4. If a disinterested lawyer would conclude that the lawyer’s interests will not adversely affect the lawyer’s representation of the clients, does the client still want to hire or continue with the lawyer despite the lawyer’s interests after the lawyer has fully disclosed to the client not only the nature of the lawyer’s conflicting interests but also the manner in which those interests may affect the lawyer’s professional judgment in the matter? In other words, does the client consent to the certain or reasonably possible conflicts with the lawyer’s own interests after the lawyer has fully explained the conflicts and their possible impact on the client’s matter?

[R. Simon, Simon’s New York Code of Professional Responsibility Annotated, 336–337 (2001). For an extended version of the test, see, ABA Formal Op. 410 (1998), “Lawyer Serving as Director of Client Corporation.”]

As the ABA Committee on Professional Responsibility recognized, this approach — which is really just a modification of the analysis required for any personal interest conflict under DR 5 101(A) and Model Rule 1.7 — can work only if there are “full, free and frank discussions by the lawyer with the corporation’s executives and other board members” about potential conflicts, both at the outset of the lawyer’s board membership and as particular issues arise. [Id.] Such a methodical approach ensures that both the lawyer and his client are aware, and are able to gauge, the potential conflict of interest and proceed accordingly.

There are two other simple guidelines lawyer-directors should follow.

1. As to attorney-client privilege issues, lawyer-directors must be especially careful to ensure that any legal advice they provide remains cloaked by the privilege. Accordingly, the lawyer-director must make clear that a meeting at which he is being asked for legal advice is being held solely for that purpose. The lawyer-director should even have other firm attorneys present at the meeting, to emphasize its exclusively legal nature, and should avoid providing business advice during the session. [ABA Formal Op. 410 (1998).]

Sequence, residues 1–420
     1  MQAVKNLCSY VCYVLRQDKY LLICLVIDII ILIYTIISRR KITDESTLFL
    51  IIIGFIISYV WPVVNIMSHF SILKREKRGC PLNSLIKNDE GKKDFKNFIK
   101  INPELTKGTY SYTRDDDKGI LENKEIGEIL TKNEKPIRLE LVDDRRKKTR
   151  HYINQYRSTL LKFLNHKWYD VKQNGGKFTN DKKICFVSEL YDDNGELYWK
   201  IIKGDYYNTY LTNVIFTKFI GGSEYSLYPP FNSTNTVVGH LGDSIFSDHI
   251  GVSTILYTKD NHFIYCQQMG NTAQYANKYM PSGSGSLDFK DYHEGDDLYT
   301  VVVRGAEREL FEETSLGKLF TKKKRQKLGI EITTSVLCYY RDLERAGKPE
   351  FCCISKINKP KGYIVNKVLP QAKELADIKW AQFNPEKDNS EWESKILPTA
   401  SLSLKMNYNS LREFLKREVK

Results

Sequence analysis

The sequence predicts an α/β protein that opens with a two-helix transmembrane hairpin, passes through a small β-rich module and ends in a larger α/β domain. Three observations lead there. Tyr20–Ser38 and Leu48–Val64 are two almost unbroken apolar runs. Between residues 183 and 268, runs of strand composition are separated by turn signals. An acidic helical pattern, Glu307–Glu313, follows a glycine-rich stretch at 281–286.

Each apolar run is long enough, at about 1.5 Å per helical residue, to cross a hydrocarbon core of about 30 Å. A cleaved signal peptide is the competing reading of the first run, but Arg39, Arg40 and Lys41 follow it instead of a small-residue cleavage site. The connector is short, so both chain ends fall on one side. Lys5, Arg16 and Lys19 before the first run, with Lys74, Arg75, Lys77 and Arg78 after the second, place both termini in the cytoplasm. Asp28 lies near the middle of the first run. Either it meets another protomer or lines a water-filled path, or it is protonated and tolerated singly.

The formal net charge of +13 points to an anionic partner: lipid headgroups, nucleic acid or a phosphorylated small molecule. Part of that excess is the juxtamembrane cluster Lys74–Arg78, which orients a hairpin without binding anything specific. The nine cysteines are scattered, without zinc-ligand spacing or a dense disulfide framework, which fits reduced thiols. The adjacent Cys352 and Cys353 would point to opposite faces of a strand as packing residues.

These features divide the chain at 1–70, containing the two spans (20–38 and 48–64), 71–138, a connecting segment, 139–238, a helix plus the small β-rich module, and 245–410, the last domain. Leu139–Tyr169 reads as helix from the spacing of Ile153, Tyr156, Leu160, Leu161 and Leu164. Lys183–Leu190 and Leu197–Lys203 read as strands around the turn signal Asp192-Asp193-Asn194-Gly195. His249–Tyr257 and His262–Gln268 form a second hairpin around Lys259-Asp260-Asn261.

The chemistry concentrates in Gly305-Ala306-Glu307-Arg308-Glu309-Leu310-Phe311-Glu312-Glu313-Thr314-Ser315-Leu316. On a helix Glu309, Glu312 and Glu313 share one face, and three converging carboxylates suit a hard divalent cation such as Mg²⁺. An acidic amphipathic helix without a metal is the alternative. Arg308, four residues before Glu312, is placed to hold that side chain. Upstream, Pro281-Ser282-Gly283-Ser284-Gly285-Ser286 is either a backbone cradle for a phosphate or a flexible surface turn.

2. Finally, the lawyer-director must avoid being placed in a position in which the interests of the lawyer’s firm may be favored over those of the corporate client. Indeed, the Association of the Bar of the City of New York has been particularly strict about this, stating, in N.Y. City 1988-5, that the lawyer-director may not participate in any board decision that will or reasonably may affect the lawyer’s personal or financial interests as counsel. Without taking such a blanket approach, the ABA also made it clear that “the prudent lawyer should at a minimum abstain from voting as a director on issues which directly involve the relationship of the corporation with her law firm. …” [ABA Formal Op. 410 (1998).]


Ronald C. Minkoff is a member of Frankfurt Garbus Kurnit Klein & Selz, P.C. Mr. Minkoff’s practice emphasizes commercial litigation and professional responsibility matters.

DISCLAIMER: This article provides general coverage of its subject area and is presented to the reader for informational purposes only with the understanding that the laws governing legal ethics and professional responsibility are always changing. The information in this article is not a substitute for legal advice and may not be suitable in a particular situation. Consult your attorney for legal advice. New York Legal Ethics Reporter provides this article with the understanding that neither New York Legal Ethics Reporter LLC, nor Frankfurt Kurnit Klein & Selz, nor Hofstra University, nor their representatives, nor any of the authors are engaged herein in rendering legal advice. New York Legal Ethics Reporter LLC, Frankfurt Kurnit Klein & Selz, Hofstra University, their representatives, and the authors shall not be liable for any damages resulting from any error, inaccuracy, or omission.